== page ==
Film at Lincoln Center announced the Talks lineup for the 58th New York Film Festival (September 17 – October 11, 2020). Talks supplement NYFF’s screenings with a series of free and live panel discussions and in-depth conversations with a wide range of guests.
With virtual and drive-in screenings replacing the festival’s typical Lincoln Center events, this year’s Talks are an essential live, online meeting place for audiences, filmmakers, and the industry. The section includes a new series of talks called Crosscuts, featuring pairings of filmmakers across NYFF sections, genres, and styles, including conversations between Garrett Bradley (Time, Main Slate) and Ephraim Asili (The Inheritance, Currents), Sam Pollard (MLK/FBI, Main Slate) and John Gianvito (Her Socialist Smile, Currents), Matías Piñeiro (Isabella, Main Slate) and Nicolás Pereda (Fauna, Currents), Christian Petzold (Undine, Main Slate) and Heinz Emigholz (The Lobby, The Last City, Currents), and Valeria Sarmiento (The Tango of the Widower and Its Distorting Mirror, Currents) and the team behind Hopper/Welles (Spotlight).
Several roundtable discussions highlight thematic trends within this year’s program: Outside the Canon, with panelists from Light Industry, Spectacle Cinema, No Evil Eye microcinema, Upside Film Festival, and the DocYard; Rethinking World Cinema, which will feature trailblazing filmmakers from underrepresented regions within the festival circuit and international canon; and The Revolution Will Be Filmed, a panel about the cinematic depiction of global protest movements and police brutality, organized in conjunction with the festival premieres of Steve McQueen’s Small Axe films and The Monopoly of Violence.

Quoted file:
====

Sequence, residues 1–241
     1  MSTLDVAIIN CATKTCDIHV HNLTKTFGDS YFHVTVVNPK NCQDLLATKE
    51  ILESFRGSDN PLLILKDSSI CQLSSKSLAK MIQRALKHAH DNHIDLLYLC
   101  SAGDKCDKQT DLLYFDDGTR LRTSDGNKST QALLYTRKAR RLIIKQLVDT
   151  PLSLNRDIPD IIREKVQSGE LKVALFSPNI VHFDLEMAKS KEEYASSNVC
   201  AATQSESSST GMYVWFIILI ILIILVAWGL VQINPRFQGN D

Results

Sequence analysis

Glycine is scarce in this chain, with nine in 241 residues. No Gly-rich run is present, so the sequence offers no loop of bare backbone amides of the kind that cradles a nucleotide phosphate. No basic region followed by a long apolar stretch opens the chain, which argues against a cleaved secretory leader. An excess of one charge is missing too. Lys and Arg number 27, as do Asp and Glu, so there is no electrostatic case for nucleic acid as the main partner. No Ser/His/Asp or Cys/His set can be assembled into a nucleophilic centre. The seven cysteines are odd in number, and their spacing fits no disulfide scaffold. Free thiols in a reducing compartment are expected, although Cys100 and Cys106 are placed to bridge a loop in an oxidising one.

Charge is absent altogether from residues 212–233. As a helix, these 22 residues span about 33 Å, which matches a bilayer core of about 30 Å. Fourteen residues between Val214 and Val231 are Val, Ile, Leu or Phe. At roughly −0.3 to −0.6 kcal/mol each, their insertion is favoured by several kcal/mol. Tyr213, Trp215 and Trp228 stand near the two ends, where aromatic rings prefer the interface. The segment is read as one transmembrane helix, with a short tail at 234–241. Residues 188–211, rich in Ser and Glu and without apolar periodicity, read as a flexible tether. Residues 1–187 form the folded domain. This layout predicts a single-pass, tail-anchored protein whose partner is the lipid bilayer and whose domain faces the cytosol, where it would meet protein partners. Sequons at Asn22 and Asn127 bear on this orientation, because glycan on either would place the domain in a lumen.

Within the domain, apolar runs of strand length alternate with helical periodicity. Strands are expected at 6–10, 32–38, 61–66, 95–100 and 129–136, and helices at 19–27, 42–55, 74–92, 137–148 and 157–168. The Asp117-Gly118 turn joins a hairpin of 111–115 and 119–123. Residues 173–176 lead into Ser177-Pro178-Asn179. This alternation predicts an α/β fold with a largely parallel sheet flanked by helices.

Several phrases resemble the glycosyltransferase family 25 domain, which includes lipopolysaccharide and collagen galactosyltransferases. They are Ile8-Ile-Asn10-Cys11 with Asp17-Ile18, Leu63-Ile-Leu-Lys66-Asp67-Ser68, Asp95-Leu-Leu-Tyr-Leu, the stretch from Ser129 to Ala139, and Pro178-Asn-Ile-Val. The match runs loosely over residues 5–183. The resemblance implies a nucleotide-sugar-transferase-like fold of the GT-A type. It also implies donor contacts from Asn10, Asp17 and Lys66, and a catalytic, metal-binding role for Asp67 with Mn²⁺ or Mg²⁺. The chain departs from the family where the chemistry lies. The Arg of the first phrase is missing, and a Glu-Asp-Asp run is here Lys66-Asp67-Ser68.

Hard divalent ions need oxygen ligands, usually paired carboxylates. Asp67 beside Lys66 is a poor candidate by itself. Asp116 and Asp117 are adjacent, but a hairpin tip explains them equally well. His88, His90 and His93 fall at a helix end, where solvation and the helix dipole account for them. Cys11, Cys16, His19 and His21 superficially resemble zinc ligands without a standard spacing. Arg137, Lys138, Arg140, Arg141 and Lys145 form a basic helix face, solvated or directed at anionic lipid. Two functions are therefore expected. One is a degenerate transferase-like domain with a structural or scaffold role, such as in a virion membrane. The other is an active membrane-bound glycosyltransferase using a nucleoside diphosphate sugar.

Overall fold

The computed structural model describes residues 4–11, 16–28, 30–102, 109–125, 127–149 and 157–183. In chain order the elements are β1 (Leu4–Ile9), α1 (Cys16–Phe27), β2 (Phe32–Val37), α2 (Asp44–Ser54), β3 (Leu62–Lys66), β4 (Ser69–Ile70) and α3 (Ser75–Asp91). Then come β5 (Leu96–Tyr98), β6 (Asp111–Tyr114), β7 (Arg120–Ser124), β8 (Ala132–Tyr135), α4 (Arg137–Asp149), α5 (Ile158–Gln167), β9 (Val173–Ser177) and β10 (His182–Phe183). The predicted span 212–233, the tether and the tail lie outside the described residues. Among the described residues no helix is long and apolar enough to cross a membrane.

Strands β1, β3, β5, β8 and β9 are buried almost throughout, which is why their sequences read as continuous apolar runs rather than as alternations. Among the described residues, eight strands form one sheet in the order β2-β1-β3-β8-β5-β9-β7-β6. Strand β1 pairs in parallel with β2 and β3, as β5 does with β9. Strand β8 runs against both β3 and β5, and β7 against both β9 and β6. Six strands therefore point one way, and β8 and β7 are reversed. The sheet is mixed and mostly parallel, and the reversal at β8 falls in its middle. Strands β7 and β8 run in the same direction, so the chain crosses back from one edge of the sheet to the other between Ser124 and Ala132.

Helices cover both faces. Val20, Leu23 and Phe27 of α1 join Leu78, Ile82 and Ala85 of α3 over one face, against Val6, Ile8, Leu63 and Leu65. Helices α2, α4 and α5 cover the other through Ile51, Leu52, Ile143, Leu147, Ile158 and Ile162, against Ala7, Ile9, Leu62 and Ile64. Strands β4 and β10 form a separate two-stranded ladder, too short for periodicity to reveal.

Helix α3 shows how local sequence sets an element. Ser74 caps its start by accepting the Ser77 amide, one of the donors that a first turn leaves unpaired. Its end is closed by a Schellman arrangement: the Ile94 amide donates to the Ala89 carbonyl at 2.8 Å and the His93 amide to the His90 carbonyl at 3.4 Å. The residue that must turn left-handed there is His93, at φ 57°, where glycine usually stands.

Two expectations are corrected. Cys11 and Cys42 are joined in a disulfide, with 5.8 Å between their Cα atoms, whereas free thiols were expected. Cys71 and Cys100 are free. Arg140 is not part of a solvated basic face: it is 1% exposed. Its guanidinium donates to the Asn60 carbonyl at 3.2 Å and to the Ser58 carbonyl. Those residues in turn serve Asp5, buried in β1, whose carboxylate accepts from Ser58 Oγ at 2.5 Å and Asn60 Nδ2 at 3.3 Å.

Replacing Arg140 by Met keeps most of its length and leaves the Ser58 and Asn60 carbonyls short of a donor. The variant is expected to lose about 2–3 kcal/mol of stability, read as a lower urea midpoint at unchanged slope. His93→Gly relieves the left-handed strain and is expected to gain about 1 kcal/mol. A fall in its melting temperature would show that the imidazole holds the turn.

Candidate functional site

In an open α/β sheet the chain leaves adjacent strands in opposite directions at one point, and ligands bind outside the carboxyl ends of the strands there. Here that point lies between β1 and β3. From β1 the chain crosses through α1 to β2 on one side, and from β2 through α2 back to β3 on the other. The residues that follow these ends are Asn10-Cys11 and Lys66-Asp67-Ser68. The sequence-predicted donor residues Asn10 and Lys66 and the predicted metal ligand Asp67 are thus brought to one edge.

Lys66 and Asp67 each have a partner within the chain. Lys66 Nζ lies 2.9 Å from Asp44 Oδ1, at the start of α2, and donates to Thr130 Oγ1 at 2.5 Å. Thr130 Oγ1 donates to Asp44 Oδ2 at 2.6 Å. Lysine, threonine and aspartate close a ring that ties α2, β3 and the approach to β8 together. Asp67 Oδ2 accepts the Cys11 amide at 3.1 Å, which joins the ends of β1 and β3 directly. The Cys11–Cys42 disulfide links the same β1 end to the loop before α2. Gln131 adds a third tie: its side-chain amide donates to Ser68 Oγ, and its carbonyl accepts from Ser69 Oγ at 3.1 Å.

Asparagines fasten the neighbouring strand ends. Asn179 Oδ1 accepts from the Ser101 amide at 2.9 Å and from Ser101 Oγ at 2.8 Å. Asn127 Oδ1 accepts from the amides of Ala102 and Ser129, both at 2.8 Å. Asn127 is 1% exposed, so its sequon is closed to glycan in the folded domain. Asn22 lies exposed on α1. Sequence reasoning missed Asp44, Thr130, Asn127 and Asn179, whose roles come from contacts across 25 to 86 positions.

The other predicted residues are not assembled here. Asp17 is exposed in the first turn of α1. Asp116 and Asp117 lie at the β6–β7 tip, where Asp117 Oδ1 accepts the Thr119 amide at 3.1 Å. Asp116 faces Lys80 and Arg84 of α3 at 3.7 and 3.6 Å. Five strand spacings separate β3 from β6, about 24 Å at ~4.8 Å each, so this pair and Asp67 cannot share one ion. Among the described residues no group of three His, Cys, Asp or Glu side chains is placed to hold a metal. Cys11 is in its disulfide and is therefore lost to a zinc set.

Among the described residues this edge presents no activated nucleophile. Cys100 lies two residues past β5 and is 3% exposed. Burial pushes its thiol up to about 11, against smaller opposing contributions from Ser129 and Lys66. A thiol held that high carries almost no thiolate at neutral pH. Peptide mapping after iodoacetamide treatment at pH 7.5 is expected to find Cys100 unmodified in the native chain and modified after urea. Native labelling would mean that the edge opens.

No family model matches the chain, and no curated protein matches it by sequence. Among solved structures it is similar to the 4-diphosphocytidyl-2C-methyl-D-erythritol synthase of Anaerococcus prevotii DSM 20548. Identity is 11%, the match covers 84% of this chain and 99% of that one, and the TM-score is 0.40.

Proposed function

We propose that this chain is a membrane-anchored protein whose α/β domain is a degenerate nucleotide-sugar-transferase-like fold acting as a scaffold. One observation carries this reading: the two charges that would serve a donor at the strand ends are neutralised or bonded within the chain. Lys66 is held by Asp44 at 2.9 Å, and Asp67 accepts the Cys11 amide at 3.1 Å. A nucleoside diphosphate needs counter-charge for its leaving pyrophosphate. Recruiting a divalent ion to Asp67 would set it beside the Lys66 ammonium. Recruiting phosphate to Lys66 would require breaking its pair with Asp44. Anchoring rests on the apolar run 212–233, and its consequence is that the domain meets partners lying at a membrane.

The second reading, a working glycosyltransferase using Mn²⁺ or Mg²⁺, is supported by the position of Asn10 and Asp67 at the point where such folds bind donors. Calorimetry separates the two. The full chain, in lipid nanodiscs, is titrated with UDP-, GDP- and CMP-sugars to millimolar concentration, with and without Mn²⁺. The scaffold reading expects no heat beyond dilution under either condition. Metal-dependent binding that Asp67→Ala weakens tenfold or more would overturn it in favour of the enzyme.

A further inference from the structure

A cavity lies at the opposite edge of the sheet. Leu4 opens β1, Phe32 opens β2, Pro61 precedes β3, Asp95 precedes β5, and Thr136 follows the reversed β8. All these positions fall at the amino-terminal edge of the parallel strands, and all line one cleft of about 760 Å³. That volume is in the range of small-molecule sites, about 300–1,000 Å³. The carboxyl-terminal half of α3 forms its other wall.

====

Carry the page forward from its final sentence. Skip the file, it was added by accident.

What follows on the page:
Additional highlights include Deep Focus dialogues with Tsai Ming-liang (Days), Gianfranco Rosi (Notturno), and Marie-Claude Treilhou (Simone Barbes or Virtue) in conversation with Serge Bozon; and panels with Joyce Chopra and Joyce Carol Oates on the making of Smooth Talk, moderated by TCM host Alicia Malone; the shorts filmmakers of New York Stories; and critics and scholars on the legacies of James Baldwin and Muhammad Ali as seen in two rare Revivals films.
TALKS – 58th New York Film Festival
In-depth dialogues with festival filmmakers & their collaborators
The Women of Smooth Talk
Moderated by TCM host Alicia Malone
NYFF58 Revivals highlight Smooth Talk (1985) features the work of three powerhouse women: director Joyce Chopra; actress Laura Dern, in one of her first starring roles; and author Joyce Carol Oates, whose 1966 short story “Where Are You Going, Where Have You Been?” provided the inspiration for the film. To celebrate the festival premiere of the film’s new restoration, tune in live for a conversation with Chopra and Oates—moderated by TCM host Alicia Malone—about the creative work of adaptation and the perennially resonant subject matter of a young woman’s early encounter with the powers and perils of her sexuality. Sponsored by TCM.
An unparalleled portraitist of loneliness and longing, Tsai Ming-liang returns to NYFF with Days: his first feature since 2013’s Stray Dogs, and undoubtedly one of his best, sparest, and most intimate films. We are delighted to welcome the legendary Taiwanese director for an extended conversation about this latest entry in his masterful, decades-spanning oeuvre.
Moderated by Serge Bozon
Forty years after its original release, Marie-Claude Treilhou’s “criminally overlooked” debut film Simone Barbes or Virtue remains vital and vivid in its depiction of a young woman’s nocturnal perambulations against the landscape of Parisian nightlife. Treilhou’s film was produced under the banner of Paul Vecchiali’s production house Les Films Diagonale, which the filmmaker and critic Serge Bozon (Mrs. Hyde, NYFF55) has characterized as “the last important school of French cinema after the New Wave.” Marking the NYFF58 Revivals premiere of the film’s new restoration, we’re honored to host Treilhou in a talk— moderated by Bozon—about the making and the enduring legacy of Simone Barbes.
The Making of Small Axe